Tuesday, June 3, 2008
A few days back I mentioned the episode of Saturday Night Live hosted by Charles Grodin, the fourth show of the third season, and I am here to report that this, my friends, may well be the finest installment of that show in its history. The conceit of the show was that Grodin hadn't been around much during the week, hadn't paid attention to what was going on - he acts surprised that the show is airing live - and indeed missed dress rehearsal because he was out buying gifts for the cast. (Grodin describes the gift giving, in the cold opening where he gives John Belushi a shaving kit [which he Indian-gives back for the travel alarm clock that had been intended for Laraine], as an old New England tradition, even though he's from Pittsburgh.)
Grodin then fumbles his way through every scene he's in, complaining that his film clip got cut, calling out for Lorne, addressing the cast members by name. He botches up Samurai Dry Cleaners, complaining that he can't understand Belushi, then breaks the fourth wall during what I believe is the last appearance of the Killer Bees, saying the bobbling antennae are too distracting and leading to a hilarious Belushi rant.
Most delicious of all is when he gets up to sing "The Sounds of Silence" with musical guest Paul Simon while wearing a frizzy blond wig. Grodin can't sing, but that doesn't stop him from trying to harmonize with Simon, who displays crack comic timing in stopping the song after every verse to tell Chuck this isn't working. Simon eventually leaves the stage in disgust, whereupon Art Garfunkel emerges from the crowd and demands the wig back from Chuck. (The one flaw in the whole sketch is that the applause for Garfunkel is so long and loud that it messes up the timing of the ending. I mean, I'd give Artie a standing O, but I'm surprised other people would, too.)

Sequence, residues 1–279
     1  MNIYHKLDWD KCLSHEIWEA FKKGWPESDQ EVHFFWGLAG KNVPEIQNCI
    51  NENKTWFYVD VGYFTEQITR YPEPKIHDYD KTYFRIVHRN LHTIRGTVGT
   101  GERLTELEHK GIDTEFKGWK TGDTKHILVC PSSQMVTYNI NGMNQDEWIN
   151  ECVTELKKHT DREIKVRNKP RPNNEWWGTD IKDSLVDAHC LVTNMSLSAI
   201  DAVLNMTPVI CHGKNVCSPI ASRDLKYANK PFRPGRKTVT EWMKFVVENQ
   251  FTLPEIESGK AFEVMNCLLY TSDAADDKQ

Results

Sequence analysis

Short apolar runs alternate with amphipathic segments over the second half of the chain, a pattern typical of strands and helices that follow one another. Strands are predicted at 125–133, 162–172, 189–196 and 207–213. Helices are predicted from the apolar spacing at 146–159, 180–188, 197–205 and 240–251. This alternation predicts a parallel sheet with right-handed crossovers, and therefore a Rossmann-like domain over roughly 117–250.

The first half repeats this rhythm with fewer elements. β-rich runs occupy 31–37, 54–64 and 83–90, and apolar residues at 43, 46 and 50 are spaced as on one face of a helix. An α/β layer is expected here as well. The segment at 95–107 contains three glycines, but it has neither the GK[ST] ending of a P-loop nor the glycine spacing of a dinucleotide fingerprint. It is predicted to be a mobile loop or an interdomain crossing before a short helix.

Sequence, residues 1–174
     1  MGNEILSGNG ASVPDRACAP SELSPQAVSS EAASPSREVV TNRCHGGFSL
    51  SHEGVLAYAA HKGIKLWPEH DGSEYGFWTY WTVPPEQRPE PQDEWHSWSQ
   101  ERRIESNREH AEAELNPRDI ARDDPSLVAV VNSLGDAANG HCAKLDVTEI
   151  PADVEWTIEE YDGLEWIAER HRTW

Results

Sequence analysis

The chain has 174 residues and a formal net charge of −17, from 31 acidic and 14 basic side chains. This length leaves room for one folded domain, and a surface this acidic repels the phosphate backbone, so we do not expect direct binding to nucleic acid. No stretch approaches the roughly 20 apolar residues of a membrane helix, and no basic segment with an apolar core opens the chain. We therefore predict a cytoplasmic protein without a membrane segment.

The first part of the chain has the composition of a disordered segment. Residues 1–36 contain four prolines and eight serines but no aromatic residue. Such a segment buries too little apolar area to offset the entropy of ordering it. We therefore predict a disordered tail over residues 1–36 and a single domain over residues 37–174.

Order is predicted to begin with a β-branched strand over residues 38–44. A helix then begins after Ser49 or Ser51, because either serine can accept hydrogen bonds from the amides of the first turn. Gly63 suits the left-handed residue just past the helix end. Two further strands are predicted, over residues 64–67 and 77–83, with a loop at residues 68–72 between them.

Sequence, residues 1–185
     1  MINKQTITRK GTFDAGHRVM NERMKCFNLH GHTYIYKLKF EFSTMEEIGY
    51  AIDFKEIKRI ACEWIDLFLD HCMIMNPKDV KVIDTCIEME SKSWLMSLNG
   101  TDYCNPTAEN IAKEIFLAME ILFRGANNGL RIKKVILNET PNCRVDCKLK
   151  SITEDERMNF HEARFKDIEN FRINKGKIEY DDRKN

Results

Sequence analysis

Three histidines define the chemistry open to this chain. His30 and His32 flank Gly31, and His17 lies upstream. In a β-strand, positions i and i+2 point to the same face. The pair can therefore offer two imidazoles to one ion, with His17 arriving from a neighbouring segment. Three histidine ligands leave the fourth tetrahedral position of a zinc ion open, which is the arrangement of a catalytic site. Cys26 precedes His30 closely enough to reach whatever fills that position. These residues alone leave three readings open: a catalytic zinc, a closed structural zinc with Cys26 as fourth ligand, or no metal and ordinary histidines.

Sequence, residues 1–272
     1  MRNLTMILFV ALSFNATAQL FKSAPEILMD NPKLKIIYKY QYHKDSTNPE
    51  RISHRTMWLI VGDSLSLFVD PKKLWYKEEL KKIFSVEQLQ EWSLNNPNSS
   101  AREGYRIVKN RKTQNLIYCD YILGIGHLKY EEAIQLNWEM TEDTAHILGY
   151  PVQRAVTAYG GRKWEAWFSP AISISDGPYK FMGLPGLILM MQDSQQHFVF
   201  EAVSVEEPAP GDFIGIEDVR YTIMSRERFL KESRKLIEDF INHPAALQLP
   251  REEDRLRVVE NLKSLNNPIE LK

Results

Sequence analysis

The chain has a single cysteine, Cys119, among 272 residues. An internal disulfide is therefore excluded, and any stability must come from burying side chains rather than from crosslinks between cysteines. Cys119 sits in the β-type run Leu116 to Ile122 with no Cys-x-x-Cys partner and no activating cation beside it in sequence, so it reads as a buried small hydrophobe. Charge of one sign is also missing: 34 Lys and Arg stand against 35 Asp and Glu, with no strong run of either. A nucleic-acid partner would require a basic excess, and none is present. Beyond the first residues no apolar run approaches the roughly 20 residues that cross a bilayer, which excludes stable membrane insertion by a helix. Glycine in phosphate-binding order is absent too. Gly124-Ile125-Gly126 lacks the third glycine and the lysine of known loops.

What makes the gimmick work is that they never cheat it; there's never a sketch or a moment where Grodin, with his naturally distracted mien, comes across as a competent host. Grodin, I should probably add, is a really good actor. (It helps that the non-Grodin material, including Gilda's "Judy Miller Show," is mostly very funny.) I can recall watching this show back in 1977 as a kid, and I had never heard of Charles Grodin, and I bought into it, thinking he was just a complete goof-off.
They had done some of this experimentation before, with the cast members complaining about Eric Idle, and that brilliant Shelley Duvall opening I wrote about, but this was different. It lasted the entire show, it was simon-pure, it was both hilarious and unsettling. (Actually, during the good nights, Grodin turns to Belushi and says, "Just kidding, right, John?" And Belushi just sneers and says, "Yeah, Mr. Spaceman, sure.") Obviously, you can't do that all the time; if you're going to break the mold, you need to have a mold to break. But this time, boy did it work.